The Politic Melodic: A Campaign Song History
In ways that grow more important by the day, the 1972 presidential contest between incumbent Republican Richard Nixon and Democrat George McGovern has dictated the tone, style and execution of every election since. It birthed the modern-day primary format; it defined and honed the press ‘approach to all political coverage; it featured the most effective use of the presidency itself as a campaign asset; and, finally, even in defeat, McGovern’s campaign dramatically shifted every campaign’s approach to “the ground game,” as it is often called. Oh and yeah, 1972 brought us some Watergate thing, too.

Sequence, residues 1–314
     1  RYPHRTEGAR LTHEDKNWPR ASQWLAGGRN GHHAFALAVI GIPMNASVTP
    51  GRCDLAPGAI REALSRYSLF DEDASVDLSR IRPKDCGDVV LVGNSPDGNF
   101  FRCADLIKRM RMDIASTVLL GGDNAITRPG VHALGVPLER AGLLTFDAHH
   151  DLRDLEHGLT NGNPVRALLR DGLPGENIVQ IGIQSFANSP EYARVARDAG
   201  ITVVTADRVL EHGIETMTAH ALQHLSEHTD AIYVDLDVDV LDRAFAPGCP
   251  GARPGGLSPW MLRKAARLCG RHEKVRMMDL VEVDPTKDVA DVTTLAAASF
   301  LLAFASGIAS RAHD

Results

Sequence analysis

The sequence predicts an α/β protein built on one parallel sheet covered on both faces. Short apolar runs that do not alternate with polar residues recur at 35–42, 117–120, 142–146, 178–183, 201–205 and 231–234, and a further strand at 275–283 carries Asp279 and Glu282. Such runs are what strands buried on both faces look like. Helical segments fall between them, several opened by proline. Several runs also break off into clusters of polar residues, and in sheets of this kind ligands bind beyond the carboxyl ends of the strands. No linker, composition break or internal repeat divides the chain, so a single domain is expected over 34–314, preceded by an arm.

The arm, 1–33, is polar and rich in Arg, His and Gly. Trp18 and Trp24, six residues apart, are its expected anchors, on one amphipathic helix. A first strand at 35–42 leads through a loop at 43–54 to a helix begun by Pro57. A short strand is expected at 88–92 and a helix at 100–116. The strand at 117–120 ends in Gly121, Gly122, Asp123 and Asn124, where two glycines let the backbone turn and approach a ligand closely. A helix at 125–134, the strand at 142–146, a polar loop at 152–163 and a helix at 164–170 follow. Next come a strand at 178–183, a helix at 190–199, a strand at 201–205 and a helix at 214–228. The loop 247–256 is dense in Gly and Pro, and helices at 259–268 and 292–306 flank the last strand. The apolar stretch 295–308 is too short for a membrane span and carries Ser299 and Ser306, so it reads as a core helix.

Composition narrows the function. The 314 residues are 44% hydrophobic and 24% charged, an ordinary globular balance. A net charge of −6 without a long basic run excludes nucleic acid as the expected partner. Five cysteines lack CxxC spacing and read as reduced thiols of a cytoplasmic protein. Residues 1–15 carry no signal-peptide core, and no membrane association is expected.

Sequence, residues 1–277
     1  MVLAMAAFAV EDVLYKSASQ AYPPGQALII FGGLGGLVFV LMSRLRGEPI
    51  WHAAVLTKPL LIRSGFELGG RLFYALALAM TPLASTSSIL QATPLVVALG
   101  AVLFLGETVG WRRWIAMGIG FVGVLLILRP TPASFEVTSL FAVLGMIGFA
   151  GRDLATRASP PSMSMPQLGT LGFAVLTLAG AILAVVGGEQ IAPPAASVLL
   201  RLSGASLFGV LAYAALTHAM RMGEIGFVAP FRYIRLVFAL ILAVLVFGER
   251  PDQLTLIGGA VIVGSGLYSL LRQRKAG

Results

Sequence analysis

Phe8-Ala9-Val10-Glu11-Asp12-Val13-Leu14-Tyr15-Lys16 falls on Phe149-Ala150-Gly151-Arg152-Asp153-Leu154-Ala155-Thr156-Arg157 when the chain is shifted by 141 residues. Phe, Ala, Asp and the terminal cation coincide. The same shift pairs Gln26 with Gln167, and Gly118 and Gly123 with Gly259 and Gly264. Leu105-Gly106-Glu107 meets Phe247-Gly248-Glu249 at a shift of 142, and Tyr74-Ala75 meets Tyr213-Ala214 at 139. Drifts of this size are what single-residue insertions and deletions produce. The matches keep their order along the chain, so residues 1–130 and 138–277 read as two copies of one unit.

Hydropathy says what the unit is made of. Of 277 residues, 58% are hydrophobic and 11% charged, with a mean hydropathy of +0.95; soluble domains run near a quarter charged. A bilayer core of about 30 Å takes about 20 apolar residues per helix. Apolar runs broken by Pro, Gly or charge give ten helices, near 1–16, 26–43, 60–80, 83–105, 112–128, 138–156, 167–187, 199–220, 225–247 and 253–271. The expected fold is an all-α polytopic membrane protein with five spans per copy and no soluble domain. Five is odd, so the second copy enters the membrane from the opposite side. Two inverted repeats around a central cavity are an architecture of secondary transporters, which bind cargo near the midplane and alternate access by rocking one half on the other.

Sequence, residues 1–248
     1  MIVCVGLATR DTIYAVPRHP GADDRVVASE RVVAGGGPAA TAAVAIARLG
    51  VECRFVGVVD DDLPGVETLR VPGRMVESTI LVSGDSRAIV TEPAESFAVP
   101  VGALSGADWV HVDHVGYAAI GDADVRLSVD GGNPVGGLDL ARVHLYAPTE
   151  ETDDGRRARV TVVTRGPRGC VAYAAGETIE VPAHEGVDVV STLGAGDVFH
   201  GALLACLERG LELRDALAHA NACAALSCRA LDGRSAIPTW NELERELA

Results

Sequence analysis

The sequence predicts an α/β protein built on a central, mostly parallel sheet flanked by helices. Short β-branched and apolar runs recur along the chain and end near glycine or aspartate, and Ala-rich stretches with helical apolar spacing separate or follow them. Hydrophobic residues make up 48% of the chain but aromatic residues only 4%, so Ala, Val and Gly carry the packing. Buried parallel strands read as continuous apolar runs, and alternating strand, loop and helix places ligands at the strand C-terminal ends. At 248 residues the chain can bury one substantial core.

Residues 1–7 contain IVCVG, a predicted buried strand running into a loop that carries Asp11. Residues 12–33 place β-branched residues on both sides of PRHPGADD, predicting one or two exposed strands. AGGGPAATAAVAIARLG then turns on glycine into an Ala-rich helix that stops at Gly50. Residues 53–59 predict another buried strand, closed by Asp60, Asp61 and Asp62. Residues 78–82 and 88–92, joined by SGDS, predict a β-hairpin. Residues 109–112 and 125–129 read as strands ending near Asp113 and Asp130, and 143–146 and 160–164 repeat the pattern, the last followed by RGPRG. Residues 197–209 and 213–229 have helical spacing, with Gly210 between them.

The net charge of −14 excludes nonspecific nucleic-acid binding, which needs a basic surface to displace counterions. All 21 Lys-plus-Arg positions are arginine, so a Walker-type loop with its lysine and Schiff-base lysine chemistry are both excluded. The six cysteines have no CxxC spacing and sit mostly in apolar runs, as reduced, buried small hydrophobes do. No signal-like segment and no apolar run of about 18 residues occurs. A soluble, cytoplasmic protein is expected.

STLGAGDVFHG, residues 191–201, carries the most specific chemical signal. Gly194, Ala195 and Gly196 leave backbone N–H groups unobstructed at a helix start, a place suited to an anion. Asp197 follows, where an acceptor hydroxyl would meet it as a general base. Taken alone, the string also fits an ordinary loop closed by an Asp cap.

There is another way, though, that ’72 changed the way we look at campaigns, this one by far the least important, but from our perspective the most interesting of all. The McGovern campaign marked the first instance in presidential politics that a pop song was used as a major party candidate’s campaign theme song. Before ’72 — and in rare instances since — campaign songs were vanity ditties written by overzealous campaign staffers or voters, the sorts of things that all parties involved should have felt embarrassed by. Just peruse Oscar Brand‘s excellent Presidential Campaign Songs: 1789-1996 release for Smithsonian Folkways — re-recordings of the themes to 41 of the winning presidential campaigns to date (the record was released in 1999).